Henry-VIII

A Shakespearean Character Guide to Dealing with an Annoying Roommate

Macbeth: Invite him to a sleepover. Then stab him.

Hamlet: Put on a play that outlines all of your roommate’s annoying flaws. Then stab him.

Romeo: Marry his cousin and try to start a new, peaceful relationship. When that doesn’t work, stab him.

Brutus: Petition your roommate to change for the better. Then stab him with 60 of your closest friends.

Othello: Talk to your friend about the problems you’re having with your roommate. Then strangle him.

Shylock: Make him sign a pound of flesh as collateral on your roommate agreement. Collect on it.

Cleopatra: Set a poisonous snake loose in his room.

Henry VIII: Marry him. Then cut off his head.

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Elizabeth I’s diamond and ruby ring, bearing her initial and taken from her body after her death in 1603, reveals more than meets the eye. A secret compartment opens to display two miniatures of Elizabeth and her mother, Anne Boleyn. The second of Henry VIII’s wives, Anne was executed on May 19, 1536 on charges of incest, adultery, and high treason. The future queen was only two years old at the time of her mother’s death.  

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🎁 cortegiania’s 12 days of christmas  

[Anne] married for love. Her relationship with Henry was deeply personal in a way kings had risked only once before, and never did again until the twentieth century. The couple’s attempt to have an affectionate marriage, with perceptible hints of modernity in the context of a Tudor court, explains much of the life and death of Anne Boleyn. Eric Ives {x}

petition to stop wording summaries of Henry VIII’s marriages to lay blame at the wives’ feet. stop using ‘failure to produce a son’ as a legitimate reason for Henry abusing and killing Katharine of Aragon and Anne Boleyn respectively. stop using Katherine Howard’s alleged promiscuity as a valid reason for her death. stop simplifying these complex situations to make Henry sound like a hero.

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THE GOLDEN QUARTET: SULEYMAN I, HENRY VIII, FRANCIS I, CHARLES V.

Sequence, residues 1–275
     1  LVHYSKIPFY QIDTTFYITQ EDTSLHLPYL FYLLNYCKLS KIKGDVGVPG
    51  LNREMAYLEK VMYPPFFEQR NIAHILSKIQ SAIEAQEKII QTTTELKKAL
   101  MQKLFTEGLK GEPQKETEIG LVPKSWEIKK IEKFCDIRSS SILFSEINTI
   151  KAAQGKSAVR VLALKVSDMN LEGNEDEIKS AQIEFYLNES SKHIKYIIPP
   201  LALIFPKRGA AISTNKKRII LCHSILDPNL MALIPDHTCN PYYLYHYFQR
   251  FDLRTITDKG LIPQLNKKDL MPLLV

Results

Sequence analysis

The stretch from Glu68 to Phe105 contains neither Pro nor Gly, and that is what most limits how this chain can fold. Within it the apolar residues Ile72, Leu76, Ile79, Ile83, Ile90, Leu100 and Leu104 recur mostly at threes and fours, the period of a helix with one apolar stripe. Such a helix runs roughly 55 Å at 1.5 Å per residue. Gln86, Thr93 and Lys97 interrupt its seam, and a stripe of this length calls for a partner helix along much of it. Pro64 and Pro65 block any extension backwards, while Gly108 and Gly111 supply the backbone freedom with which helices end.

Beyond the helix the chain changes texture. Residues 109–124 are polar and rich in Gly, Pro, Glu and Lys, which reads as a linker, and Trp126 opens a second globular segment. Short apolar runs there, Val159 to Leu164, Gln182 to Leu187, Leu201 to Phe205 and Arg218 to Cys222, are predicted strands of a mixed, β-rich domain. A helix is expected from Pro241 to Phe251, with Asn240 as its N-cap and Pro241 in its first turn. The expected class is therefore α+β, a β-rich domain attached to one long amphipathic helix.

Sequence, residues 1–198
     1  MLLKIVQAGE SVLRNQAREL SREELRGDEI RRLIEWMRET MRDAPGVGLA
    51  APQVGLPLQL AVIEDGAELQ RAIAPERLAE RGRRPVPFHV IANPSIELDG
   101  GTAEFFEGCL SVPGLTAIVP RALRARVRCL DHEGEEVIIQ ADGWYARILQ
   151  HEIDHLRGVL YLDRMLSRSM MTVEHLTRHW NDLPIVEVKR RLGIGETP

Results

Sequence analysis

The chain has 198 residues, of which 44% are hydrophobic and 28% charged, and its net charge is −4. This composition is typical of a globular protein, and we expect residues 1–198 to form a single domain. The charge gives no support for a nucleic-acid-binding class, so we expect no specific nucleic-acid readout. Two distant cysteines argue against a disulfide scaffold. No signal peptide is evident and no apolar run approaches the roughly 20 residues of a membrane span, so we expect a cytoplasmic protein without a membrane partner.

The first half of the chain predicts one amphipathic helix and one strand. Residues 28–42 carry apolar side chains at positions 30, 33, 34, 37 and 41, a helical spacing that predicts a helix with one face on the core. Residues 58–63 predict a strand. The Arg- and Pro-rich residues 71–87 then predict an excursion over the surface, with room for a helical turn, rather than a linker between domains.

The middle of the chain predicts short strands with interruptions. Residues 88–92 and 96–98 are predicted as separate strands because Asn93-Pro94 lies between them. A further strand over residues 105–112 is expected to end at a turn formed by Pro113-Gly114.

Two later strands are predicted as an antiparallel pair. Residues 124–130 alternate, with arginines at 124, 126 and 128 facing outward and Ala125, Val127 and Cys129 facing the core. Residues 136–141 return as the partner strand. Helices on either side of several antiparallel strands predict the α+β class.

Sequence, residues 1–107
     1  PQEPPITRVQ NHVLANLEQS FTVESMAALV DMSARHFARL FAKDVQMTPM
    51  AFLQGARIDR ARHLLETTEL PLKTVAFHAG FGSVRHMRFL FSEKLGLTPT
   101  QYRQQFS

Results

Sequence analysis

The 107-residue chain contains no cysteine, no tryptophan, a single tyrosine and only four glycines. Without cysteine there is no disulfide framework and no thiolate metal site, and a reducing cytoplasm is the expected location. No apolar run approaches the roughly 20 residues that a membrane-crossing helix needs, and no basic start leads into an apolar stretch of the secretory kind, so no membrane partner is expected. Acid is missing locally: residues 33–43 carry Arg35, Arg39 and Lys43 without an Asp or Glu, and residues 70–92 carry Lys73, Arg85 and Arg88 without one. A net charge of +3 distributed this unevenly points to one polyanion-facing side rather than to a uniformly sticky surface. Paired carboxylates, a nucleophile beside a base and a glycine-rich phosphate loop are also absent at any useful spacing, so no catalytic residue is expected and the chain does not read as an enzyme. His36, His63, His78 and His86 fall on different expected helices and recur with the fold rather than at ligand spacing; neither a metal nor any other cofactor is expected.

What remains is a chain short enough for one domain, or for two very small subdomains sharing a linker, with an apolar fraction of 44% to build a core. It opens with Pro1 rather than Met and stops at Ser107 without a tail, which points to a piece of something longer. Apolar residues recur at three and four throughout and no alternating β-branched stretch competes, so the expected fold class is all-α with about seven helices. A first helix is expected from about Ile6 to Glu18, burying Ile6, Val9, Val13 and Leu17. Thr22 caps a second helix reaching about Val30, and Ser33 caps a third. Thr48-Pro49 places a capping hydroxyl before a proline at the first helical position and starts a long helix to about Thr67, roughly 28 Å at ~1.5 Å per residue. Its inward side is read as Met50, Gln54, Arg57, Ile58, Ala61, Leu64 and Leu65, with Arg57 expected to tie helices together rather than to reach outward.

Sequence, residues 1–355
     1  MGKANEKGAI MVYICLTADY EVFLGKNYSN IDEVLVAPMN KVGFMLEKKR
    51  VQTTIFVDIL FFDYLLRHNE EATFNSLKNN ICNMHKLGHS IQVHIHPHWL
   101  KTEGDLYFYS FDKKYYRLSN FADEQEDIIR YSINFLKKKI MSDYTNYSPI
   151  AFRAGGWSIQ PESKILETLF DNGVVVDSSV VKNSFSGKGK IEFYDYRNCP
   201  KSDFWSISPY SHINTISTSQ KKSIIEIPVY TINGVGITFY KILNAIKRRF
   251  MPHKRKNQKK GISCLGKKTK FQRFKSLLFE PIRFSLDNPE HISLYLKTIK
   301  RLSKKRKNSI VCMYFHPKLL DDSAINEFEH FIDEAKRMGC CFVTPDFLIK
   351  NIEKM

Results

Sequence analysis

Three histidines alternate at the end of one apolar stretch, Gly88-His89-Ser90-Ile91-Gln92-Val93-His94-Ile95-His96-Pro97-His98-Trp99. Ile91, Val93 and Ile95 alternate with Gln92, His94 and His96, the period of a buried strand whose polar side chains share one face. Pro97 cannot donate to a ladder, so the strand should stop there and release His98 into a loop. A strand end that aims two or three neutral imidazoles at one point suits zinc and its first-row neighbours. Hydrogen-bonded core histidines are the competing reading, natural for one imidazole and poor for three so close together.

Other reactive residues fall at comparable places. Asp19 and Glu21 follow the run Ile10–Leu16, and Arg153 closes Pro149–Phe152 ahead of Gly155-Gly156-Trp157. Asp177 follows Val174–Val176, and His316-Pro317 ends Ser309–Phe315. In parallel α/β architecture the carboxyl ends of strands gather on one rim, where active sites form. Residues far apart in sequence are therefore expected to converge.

Never before had the world seen four such giants coexisting. Sometimes friends, more often enemies, these men held Europe in the hollow of their hands.

One time Henry VIII had a book when he was little and he wrote in really massive writing on the first page “this boke is myne” and I just find it so funny because that’s such a child Henry VIII thing to do

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“The early sixteenth century was a time when prophecies were popular and prophets were confident: men and women puzzled over ancient rhymes which might (or might not) be held to have predicted such mighty topics such as the fall of Cardinal Wolsey, the split from Rome, and the dissolution of the monasteries. But no one ever predicted the King would marry six times and, if they had, he would not have believed it. Nor for that matter would any of his six queens have believed the various densities which lay in store for them, if predicted at birth: not one but two princesses were to die cast off; equally surprising, four women of modest enough birth were to become royal consorts; most astonishingly of all…two of these apparently unexceptional women were to die a traitor’s death.” Antonia Fraser, The Wives of Henry VIII.

Pictured in order: Katherine of Aragon, Anne Boleyn, Jane Seymour, Anne of Cleves, Catherine Howard, and Catherine Parr

me: I must understand the medieval History of England.

*some books and documentaries later*

me: …plenty of Kings indeed…

me: *a bit doubtful* So let’s systematize:

me: *quite doubtful and sweating* Just need to add the respective names and dates and it will be great…